Cracks.

Our last arrivals were trickling in.  Capricorn sat on a table next to me, strapping on his armor while Sveta provided a hand as needed, to hold things in place or hold straps out ready for Byron to grab them.  Ashley had set aside her coat.  Rain had stepped over to a storage area to switch over to a proper costume.

I remained much as I was.  No secret identity to protect, and I was comfortable as-was.

Gundeck and Solarstare entered, with Rain among the half-dozen people who were right behind them.  Gundeck was a big guy, loaded down with his weapons, but even though his power left him able and ready to carry a whole arsenal with him without buckling, he moved like a burdened man.

He’d apparently promised his family he was out of the game after Gold Morning.  At the same time, he was leading a double life.  They’d found out in the midst of all of… this.  I wasn’t sure how much was Teacher and how much was that he’d shifted his priorities to more… I didn’t want to say important things, but the ramifications of what we were doing were important.

More cracks.  If not an outright break.  He really didn’t look so hot, and I could only see his general body language and the twenty percent of him that his costume didn’t cover up.

Rain was in costume, with a silvery-white hood and upper body to the costume, a glowing crack running through one of the eyes of his gunmetal mask and down to the edge near the cheek.  His mechanical forearms and hands, attached at the elbow, were smaller than his ordinary hands but still five fingered and dextrous, colored the same way as his mask, with finer glowing cracks running along them.  The lower body of the costume didn’t hug him, but it wasn’t quite ‘pants’ either.  Silvery-white panels, some devices and weapons, and decorative tinker attachments contrasted the darker material.  More of the decorative attachments joined the fabric to his metal boots, and bridged the divide between the upper and lower half of the costume.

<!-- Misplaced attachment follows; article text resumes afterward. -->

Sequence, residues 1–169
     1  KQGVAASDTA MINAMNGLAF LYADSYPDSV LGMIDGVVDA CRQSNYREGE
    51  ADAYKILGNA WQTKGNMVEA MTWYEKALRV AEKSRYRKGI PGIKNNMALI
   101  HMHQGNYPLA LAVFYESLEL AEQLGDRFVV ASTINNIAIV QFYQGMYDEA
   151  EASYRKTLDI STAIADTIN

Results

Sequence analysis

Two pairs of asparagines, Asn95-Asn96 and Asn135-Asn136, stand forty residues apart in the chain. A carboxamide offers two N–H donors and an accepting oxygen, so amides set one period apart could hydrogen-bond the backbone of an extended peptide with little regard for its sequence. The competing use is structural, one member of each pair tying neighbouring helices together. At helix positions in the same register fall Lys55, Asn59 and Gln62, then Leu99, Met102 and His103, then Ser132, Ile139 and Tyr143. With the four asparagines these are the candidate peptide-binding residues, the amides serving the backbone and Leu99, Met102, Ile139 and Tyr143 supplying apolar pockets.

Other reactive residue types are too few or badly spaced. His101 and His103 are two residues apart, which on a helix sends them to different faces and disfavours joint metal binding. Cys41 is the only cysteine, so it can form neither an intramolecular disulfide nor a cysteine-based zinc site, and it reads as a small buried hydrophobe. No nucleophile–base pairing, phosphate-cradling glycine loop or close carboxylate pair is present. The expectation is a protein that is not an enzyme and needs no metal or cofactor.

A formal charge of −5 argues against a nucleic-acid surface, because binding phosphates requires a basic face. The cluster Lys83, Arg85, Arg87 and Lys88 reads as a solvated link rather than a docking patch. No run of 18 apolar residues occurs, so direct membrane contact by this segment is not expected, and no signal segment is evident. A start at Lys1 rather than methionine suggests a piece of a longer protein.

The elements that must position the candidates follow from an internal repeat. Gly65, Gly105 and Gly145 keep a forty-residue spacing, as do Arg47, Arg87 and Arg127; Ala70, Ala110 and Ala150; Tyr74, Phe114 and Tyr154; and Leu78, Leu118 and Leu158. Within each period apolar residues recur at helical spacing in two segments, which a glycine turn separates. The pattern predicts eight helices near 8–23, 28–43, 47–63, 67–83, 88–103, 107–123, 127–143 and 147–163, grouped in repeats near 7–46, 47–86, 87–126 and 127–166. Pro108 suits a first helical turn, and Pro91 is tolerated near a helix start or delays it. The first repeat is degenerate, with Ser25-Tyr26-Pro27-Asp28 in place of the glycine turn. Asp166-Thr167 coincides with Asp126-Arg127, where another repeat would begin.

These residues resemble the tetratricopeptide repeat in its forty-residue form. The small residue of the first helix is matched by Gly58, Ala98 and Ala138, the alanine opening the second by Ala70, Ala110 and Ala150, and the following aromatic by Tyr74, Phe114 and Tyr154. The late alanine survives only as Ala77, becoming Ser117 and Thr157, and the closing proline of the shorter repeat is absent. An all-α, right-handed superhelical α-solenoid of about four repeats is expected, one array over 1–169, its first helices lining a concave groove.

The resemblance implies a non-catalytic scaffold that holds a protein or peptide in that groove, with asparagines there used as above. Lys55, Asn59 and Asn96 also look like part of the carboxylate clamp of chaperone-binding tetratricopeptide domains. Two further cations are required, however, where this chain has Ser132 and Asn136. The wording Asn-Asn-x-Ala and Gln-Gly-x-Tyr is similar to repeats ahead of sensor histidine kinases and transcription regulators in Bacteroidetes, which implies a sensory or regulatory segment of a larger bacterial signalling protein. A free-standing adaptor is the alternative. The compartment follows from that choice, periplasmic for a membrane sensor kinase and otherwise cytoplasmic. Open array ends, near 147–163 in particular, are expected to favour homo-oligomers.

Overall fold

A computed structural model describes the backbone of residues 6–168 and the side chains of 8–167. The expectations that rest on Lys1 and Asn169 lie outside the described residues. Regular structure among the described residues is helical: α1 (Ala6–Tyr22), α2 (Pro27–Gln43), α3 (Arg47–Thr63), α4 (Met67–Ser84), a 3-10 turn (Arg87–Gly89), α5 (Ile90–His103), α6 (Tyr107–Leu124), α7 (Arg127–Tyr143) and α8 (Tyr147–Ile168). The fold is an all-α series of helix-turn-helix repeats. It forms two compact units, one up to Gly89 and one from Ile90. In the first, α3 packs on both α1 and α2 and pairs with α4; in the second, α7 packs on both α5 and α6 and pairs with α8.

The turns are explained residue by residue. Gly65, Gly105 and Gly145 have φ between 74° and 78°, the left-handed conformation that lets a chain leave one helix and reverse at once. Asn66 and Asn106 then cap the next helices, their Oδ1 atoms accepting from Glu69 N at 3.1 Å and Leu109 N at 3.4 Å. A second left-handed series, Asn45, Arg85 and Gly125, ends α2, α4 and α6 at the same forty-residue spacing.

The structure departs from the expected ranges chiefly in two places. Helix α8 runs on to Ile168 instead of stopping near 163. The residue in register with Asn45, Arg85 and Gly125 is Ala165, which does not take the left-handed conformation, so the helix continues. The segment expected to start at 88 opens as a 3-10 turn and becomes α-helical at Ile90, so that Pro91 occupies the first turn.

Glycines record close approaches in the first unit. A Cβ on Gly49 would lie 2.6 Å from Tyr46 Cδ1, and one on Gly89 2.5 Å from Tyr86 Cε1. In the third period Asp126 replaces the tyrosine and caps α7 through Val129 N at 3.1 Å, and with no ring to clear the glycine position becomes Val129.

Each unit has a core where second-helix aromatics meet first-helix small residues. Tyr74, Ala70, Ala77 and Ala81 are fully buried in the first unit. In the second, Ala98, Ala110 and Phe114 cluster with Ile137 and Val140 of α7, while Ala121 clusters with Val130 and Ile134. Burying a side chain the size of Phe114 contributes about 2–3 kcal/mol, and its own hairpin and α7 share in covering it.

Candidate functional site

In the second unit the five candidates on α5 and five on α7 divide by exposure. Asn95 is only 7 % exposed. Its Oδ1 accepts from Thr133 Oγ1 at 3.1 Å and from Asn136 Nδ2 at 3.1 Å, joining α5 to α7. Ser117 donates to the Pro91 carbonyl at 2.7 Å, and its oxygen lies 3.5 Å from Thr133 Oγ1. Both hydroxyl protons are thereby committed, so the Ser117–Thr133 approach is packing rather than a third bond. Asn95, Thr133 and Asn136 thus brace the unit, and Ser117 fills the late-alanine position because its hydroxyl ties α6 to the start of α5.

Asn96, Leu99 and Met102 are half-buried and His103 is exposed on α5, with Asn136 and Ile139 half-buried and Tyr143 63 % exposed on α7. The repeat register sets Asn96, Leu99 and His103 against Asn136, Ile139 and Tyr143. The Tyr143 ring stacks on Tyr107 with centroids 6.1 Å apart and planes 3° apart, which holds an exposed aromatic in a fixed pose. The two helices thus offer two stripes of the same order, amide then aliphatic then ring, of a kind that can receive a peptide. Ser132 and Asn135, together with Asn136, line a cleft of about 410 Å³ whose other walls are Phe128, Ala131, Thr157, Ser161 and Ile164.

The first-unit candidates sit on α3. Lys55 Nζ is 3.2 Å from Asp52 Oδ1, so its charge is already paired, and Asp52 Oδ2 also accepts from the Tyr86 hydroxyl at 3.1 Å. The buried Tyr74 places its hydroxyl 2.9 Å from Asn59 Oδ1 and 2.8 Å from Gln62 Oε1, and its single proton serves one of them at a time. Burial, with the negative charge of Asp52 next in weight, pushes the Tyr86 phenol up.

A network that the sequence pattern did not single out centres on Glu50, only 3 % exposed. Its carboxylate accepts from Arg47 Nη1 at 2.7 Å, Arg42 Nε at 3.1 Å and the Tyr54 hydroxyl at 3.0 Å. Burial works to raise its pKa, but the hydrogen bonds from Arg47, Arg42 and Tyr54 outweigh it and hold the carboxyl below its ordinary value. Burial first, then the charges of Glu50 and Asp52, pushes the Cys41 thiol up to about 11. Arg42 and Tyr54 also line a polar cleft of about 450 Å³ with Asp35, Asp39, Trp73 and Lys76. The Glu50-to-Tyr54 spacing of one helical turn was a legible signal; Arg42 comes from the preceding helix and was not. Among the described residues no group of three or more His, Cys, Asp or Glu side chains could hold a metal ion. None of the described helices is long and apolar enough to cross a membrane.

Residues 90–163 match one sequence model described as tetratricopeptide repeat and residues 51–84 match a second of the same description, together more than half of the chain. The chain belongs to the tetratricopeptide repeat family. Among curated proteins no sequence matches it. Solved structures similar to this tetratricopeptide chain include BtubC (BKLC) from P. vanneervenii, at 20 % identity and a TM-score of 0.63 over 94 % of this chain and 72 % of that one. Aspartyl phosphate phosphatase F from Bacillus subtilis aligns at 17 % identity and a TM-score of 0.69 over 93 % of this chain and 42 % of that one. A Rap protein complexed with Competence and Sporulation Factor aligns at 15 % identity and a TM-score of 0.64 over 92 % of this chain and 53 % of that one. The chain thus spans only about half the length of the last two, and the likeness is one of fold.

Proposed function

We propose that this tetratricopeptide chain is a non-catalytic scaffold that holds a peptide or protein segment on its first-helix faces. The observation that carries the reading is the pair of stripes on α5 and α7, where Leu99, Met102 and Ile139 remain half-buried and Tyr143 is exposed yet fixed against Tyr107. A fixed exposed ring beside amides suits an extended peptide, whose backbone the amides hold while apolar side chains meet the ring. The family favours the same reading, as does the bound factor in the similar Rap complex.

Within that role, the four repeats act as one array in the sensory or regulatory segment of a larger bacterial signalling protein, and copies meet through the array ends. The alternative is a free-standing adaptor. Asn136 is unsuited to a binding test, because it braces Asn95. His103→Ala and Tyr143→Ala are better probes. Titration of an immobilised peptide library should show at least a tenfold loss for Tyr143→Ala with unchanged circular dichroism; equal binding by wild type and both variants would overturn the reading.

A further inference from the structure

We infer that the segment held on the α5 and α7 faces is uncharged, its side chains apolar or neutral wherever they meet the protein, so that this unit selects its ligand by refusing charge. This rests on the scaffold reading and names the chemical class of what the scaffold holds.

In my opinion, he’d graduated from a thrown-together costume that didn’t do anything explicitly wrong, but didn’t do anything explicitly right either, to something that looked good.

More came down from upstairs.  The floor above us was still partially under construction, but they’d been hanging out.  Egg, Engel and Scraping were staying here to stay safe from Teacher, and were finding friends, because Engel at the very least was the kind of person that people were drawn to.